WSJ: The Wall Street Journal 2009 Technical Innovation Awards
Just how difficult it is gets highlighted every time an infectious disease sweeps the globe, as the new strain of swine flu did earlier this year. Current methods of testing for disease-causing microbes are pretty effective at discovering whether an infected fluid or tissue sample contains a known virus or bacteria. But trying to detect previously unknown organisms is a whole different story.
WSJ: Where Are They Now?
For technology innovators, there's the "Eureka!" moment and then there's the business of putting discoveries to work. Here's a look at how some winners from last year—plus the top winner from 2007—have fared since we recognized their achievements.
Nurturing high-tech business
FAIRMONT — At an upcoming conference, people from the state and beyond can learn how to grow their capacity through the U.S. Small Business Administration’s Small Business Innovative Research and Small Business Technology Transfer programs.
The 2009 Mid-Atlantic SBIR/STTR Conference is scheduled for Nov. 30 to Dec. 2 at the Waterfront Place Hotel in Morgantown. The West Virginia High Technology Consortium Foundation’s INNOVA Commercialization Group and the West Virginia Development Office are hosting the event. Judy McCauley, district director of the SBA’s West Virginia District Office, is serving as an adviser during the planning.
Interview: Vinod Khosla Is On The Hunt For Great Technologies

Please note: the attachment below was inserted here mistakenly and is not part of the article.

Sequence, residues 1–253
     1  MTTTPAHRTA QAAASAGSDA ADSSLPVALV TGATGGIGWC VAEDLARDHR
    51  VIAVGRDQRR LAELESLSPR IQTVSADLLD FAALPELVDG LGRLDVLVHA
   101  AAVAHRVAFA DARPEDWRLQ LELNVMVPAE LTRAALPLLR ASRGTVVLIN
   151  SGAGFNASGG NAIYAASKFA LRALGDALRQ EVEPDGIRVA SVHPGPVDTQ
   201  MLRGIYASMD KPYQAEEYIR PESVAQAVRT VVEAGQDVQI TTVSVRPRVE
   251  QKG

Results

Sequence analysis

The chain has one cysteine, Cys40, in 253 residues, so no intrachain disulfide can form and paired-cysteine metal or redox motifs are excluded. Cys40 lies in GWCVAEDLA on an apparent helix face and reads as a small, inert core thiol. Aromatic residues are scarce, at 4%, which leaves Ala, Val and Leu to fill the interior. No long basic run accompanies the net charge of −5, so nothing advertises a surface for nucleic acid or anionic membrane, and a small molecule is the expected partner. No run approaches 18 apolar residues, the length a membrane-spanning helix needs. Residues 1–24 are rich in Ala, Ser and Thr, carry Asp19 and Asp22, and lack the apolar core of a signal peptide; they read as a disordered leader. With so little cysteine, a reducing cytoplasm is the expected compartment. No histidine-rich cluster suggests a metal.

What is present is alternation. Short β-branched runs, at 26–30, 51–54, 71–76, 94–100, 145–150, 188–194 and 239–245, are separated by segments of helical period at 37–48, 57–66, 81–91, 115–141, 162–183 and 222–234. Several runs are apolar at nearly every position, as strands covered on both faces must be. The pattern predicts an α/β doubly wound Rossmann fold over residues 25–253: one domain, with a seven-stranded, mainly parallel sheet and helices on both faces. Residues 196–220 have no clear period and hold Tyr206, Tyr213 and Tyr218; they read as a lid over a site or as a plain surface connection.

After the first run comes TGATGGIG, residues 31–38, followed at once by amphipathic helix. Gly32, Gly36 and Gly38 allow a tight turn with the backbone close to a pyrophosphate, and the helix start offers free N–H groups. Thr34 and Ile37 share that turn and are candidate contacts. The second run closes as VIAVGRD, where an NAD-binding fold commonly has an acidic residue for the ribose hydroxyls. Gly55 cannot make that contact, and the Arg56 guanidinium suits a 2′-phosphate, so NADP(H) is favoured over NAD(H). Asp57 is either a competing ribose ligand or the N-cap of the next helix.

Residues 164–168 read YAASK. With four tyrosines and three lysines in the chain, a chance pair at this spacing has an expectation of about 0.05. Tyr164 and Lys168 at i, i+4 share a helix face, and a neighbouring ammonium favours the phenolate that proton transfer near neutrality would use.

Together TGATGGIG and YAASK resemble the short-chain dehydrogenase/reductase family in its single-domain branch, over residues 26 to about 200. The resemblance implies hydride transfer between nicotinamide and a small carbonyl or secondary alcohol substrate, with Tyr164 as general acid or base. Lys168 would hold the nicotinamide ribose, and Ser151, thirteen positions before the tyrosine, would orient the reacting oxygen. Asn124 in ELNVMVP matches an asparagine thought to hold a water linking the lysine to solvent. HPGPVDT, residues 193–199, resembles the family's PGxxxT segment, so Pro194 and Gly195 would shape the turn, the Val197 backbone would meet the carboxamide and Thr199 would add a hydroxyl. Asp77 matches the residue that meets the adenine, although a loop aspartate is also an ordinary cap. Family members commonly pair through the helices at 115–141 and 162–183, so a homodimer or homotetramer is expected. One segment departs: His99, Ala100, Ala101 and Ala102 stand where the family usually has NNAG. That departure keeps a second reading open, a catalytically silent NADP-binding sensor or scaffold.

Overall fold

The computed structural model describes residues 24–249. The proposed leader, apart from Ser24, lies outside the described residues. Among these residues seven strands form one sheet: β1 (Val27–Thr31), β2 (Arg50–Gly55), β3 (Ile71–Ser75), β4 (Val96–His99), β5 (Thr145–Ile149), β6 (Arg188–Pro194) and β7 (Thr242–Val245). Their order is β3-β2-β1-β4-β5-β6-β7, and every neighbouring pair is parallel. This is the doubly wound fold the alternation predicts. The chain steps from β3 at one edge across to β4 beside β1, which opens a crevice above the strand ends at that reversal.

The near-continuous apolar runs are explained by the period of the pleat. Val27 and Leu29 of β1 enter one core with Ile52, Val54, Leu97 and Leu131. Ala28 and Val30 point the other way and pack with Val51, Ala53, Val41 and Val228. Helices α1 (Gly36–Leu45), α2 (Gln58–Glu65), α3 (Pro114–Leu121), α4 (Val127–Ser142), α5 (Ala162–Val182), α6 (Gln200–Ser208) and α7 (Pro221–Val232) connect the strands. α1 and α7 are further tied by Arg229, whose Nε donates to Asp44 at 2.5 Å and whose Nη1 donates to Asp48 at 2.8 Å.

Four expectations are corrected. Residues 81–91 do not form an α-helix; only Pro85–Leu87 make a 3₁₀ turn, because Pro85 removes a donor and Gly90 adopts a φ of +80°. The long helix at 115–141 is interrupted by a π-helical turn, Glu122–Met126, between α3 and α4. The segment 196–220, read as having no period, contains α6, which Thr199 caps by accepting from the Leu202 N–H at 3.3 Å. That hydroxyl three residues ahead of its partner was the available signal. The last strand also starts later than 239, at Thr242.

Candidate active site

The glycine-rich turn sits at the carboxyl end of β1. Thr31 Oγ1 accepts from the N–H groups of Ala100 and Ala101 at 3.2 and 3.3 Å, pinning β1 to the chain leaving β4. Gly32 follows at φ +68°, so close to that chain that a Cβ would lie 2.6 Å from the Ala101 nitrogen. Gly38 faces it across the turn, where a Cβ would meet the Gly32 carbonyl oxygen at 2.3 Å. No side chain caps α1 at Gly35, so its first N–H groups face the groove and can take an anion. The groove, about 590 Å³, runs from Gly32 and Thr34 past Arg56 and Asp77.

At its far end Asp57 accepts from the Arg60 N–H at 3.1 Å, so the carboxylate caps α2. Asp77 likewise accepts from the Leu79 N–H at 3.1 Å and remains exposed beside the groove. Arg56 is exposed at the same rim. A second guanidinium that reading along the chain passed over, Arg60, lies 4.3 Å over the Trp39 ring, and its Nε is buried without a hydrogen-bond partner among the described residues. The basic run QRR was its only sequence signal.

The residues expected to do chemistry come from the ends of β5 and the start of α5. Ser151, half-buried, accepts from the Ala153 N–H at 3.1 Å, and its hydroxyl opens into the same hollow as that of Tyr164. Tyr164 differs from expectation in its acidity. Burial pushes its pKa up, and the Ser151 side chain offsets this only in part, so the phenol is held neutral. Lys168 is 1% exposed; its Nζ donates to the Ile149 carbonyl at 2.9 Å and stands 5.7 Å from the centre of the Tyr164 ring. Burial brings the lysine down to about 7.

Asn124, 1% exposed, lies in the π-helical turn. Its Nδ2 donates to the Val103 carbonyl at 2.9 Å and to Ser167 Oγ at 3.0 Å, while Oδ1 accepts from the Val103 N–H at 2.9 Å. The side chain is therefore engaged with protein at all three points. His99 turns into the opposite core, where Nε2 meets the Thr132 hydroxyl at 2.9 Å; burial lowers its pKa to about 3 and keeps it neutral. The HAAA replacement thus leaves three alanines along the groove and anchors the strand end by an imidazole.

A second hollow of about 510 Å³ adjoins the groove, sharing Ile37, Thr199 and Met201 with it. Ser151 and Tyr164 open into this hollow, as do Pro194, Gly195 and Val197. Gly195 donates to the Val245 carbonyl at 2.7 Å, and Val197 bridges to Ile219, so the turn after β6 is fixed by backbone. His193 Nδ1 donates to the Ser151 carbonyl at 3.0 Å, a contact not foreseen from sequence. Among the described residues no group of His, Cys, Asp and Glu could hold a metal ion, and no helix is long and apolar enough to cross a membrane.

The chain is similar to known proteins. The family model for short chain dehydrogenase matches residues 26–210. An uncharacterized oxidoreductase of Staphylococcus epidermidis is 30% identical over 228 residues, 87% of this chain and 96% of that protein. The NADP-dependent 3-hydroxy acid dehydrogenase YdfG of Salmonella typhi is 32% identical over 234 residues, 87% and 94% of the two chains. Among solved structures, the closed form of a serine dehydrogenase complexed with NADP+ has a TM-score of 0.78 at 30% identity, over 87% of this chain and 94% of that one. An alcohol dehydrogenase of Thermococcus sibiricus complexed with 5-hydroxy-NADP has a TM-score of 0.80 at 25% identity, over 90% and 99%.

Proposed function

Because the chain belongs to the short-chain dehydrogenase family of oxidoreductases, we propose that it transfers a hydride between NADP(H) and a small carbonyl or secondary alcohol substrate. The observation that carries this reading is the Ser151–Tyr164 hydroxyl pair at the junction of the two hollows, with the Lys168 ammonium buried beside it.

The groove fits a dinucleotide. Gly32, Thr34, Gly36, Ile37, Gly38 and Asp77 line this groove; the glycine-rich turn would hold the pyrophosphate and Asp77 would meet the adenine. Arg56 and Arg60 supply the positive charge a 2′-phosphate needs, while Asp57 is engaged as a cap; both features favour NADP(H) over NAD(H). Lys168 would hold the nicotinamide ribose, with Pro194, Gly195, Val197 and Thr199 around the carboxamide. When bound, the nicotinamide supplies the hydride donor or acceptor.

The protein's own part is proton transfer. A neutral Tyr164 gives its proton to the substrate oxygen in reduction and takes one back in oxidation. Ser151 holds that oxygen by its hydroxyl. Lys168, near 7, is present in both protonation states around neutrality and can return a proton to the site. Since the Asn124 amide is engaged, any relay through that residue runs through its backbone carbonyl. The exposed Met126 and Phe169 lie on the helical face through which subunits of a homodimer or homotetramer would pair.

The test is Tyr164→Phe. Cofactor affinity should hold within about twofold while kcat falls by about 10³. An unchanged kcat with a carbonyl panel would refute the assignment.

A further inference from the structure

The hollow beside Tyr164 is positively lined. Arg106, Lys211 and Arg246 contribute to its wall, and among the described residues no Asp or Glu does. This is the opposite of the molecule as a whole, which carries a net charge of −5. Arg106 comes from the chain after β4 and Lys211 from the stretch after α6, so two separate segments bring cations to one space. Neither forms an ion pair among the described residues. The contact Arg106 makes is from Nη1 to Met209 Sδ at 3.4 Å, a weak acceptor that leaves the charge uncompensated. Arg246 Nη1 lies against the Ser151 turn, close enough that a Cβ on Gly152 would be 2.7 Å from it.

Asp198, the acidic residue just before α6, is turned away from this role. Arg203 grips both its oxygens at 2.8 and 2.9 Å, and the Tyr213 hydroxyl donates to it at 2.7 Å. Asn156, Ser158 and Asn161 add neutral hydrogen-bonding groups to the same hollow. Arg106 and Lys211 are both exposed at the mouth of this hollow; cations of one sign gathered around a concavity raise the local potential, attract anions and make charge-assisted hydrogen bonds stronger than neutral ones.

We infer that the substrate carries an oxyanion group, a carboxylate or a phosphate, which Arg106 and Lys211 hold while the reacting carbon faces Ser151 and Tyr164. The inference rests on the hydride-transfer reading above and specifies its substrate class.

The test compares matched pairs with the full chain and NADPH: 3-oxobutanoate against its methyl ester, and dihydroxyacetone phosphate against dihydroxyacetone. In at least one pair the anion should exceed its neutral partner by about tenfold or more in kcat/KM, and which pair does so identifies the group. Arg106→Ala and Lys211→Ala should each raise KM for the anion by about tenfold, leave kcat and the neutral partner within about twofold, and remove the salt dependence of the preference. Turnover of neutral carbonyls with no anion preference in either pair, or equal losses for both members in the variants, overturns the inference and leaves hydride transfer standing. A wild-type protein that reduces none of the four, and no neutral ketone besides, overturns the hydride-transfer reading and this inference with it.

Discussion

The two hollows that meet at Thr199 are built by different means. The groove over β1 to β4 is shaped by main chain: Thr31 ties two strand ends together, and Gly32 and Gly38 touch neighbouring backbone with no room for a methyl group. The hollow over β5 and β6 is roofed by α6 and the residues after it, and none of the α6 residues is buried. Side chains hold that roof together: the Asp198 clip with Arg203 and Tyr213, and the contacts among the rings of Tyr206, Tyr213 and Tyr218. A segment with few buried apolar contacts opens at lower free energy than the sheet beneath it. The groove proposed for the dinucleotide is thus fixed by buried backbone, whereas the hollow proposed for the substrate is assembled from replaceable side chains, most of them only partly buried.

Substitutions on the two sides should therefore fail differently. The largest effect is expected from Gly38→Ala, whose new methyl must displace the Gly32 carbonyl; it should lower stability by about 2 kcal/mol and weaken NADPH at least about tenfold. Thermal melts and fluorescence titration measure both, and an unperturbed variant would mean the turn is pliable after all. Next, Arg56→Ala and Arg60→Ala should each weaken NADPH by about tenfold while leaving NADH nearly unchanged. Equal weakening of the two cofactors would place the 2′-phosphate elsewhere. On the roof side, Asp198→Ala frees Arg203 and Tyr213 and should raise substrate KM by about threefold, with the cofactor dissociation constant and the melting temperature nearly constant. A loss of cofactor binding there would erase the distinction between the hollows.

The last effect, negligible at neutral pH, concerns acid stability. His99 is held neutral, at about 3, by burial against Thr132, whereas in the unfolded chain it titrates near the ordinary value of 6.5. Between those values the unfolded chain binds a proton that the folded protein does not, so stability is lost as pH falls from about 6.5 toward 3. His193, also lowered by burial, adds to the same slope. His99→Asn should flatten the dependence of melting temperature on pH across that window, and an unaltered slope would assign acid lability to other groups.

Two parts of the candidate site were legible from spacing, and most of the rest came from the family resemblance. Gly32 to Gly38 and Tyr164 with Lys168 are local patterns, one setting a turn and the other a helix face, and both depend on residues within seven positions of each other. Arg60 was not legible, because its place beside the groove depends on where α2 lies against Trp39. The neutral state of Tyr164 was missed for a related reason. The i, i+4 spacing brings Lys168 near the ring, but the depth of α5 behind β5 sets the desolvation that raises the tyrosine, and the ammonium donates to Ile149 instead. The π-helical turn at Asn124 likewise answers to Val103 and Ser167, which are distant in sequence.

In venture capital, Vinod Khosla likes to go his own way, which is why he’s been so successful. He was the founding CEO of Sun Microsystems, and then moved to venture capital and became a star partner at Kleiner Perkins, where he backed Juniper Networks, Cerent (sold to Cisco for $7 billion) and NexGen (sold to AMD and formed the basis for its challenge to Intel). About five years ago, after becoming a billionaire, he left Kleiner and started Khosla Ventures to invest his own money. He was mostly drawn to clean tech at a time before it was popular, but still kept his hand in Web and other tech startups (Aliph|Jawbone, iSkoot, RingCentral, Tapulous, iLike, Slide, Xobni). Khosla Ventures already has more than 50 companies in its portfolio (see slides below).
HBS: Financing Constraints and Entrepreneurship
Financing constraints are one of the biggest concerns impacting potential entrepreneurs around the world. Given the important role that entrepreneurship is believed to play in the process of economic growth, alleviating financing constraints for would-be entrepreneurs is also an important goal for policymakers worldwide. In this paper HBS professors William R. Kerr and Ramana Nanda review two major streams of research examining the relevance of financing constraints for entrepreneurship. They then introduce a framework that provides a unified perspective on these research streams, thereby highlighting some important areas for future research and policy analysis in entrepreneurial finance. Key concepts include:
Real innovation vital, and sadly lacking
ENTREPRENEURS frequently hear the calls of experts to find new ways of doing things, to innovate. Yet very few global innovations have actually emanated from Canadian entrepreneurs. And many of Canada’s greatest innovations have come not from entrepreneurs but from university researchers.